Why does my cat attack her tail?
Is your cat chasing at her tail aggressively?
Don’t worry. You’re not alone.
Read on to find out why she does it and whether it’s something to worry about.
Why Does My Cat Attack Her Tail? [Should I Be Worried?]
Several pet owners have reported seeing their kittens chase at their tails at very high speeds without resting.
Kittens chase and attack their tails because they view them as playthings.
But for adult cats, it could be signs of pain, an infection, a flea bite, or any other underlying medical condition.
They may even hiss and growl at their tails. And when they manage to “catch” it, they may end up biting and hurting themselves even further.
This behavior may lead to an infection, and the tail may even need to be mutilated.
Pay attention to your cat’s actions and body language to identify a sudden change and the reason they may be chasing their tail.
READ MORE: Why Do Cats Bite Their Nails?
What are the Biggest Reasons for This Cat Behavior?
Below are some of the reasons why your cat may be attacking her tail.
A flea bite can be excruciating and itchy, and they’ll often leave bumps on the cat’s skin.
And to make it worse, adult fleas will often gather at the end of the cat’s tail.
So, when she’s aggressively chasing at her tail, she may be trying to reach and scratch the flea-infested areas.
Overgrooming is also a sign of a flea infestation.
Once you’re sure this is the cause of the tail-chasing problem, you stop it using the usual remedies for getting rid of fleas.
These include medication, spot-on treatment, and cleaning your home.
Ensure you contact your vet for the most appropriate flea-treatment method for your cat.
Feline Hyperesthesia Syndrome (FHE)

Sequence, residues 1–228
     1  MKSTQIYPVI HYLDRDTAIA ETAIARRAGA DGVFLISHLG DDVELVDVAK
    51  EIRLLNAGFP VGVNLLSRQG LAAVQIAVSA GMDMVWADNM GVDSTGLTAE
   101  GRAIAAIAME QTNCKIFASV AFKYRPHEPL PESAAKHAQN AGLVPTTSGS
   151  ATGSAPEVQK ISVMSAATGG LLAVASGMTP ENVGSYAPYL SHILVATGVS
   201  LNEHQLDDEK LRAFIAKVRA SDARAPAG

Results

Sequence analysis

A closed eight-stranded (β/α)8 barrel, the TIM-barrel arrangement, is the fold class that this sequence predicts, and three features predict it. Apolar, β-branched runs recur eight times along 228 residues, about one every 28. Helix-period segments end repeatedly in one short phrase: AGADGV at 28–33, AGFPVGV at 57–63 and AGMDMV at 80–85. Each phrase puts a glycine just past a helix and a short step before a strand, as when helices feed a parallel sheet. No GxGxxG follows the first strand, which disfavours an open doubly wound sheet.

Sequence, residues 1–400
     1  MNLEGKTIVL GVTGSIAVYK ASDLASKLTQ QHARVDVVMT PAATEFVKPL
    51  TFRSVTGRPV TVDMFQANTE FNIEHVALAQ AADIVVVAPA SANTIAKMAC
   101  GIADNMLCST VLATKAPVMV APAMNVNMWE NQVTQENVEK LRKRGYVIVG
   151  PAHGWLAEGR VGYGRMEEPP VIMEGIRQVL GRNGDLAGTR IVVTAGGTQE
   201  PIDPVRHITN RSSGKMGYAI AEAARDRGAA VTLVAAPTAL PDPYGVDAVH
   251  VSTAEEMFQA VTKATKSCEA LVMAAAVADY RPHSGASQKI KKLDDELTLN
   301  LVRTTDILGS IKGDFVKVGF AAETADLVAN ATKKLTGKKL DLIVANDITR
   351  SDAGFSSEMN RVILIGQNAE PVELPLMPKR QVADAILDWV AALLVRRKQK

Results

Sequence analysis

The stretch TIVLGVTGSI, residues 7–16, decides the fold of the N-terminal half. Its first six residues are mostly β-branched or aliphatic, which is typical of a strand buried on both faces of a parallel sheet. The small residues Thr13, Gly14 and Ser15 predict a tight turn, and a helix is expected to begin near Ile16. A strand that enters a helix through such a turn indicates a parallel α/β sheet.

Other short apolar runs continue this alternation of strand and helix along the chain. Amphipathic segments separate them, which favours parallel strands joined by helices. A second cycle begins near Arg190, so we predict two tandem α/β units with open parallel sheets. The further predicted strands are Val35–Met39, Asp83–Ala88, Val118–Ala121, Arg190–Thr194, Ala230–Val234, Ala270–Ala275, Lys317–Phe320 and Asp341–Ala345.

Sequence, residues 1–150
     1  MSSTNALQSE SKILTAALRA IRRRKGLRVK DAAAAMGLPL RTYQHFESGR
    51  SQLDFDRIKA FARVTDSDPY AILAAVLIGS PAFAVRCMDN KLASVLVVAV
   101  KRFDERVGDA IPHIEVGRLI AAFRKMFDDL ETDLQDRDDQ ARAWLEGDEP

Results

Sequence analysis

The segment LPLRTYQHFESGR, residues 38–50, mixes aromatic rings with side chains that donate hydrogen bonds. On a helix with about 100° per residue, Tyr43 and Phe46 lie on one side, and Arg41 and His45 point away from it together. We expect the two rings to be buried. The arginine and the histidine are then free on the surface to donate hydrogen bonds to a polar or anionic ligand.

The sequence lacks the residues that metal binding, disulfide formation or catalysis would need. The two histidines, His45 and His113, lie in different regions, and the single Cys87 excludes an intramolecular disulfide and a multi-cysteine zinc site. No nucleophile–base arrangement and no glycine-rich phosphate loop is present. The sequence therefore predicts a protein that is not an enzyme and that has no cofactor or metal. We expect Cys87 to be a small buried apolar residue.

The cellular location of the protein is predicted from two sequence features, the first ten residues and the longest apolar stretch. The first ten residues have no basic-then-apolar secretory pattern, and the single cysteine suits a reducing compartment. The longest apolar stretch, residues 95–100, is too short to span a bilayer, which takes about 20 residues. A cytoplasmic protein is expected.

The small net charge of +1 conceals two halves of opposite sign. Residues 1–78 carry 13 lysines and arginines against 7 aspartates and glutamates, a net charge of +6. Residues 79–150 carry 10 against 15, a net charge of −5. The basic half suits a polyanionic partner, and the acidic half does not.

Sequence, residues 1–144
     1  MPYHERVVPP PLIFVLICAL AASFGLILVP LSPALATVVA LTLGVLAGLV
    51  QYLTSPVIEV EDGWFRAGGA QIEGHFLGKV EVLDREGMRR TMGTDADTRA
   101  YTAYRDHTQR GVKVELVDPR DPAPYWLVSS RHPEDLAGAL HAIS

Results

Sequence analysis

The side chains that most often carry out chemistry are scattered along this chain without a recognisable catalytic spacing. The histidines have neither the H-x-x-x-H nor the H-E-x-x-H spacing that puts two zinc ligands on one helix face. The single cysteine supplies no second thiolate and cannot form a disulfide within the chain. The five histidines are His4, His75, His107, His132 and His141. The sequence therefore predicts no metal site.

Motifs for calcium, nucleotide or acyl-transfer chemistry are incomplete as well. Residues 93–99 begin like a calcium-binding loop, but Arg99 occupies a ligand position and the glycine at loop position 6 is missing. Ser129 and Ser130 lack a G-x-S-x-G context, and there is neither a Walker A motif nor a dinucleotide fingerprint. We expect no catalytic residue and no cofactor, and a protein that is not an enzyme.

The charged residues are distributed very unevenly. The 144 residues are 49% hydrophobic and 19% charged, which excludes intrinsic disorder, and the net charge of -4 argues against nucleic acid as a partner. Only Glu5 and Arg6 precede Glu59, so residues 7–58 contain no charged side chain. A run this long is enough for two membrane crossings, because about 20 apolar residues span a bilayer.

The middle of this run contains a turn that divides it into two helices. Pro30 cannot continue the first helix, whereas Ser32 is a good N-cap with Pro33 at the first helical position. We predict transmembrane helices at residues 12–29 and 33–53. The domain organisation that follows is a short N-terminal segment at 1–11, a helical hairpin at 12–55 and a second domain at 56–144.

This is a rare neurological disorder in cats that’s characterized by strange behavior outbursts.
I mean, one moment, your cat is calm, and then all of a sudden, she starts frantically chasing at her tailor running around the house, very focused and with pupils dilated.
This behavior will last at least 20 to 30 seconds, and then she calms down.
You may also observe rippling on the cat’s body, strange vocalizations, salivation, or urinating uncontrollably.
It’s not yet clear what causes this syndrome. It’s also not fatal, but they may engage in self-mutilation, which may lead to infections.
Some people associate it with sensitive nerve endings, and others associate it with compulsive disorders.
But according to Dr. de Lahunta of the Cornel University College of Veterinary Medicine, it may be a result of seizure disorders or Psychomotor Epilepsy.
You can control this behavior by maintaining a constant routine of feeding and petting times. This will help keep them calm.
But the vet can also recommend anti-seizure medication, calming medication, or any other medications suitable for your cat.
Food allergies or allergies related to other environmental factors could be the reason your cat is attacking her tail.
Just like in people, allergies cause itchiness in various parts of the body. So she probably is trying to reach that end of the tail to ease the itchiness.
Other signs of allergic reactions include rashes and ear infections. If your cat is allergic to a particular type of food, obviously avoid feeding it to them.
You can also control allergic reactions with antihistamines and steroids.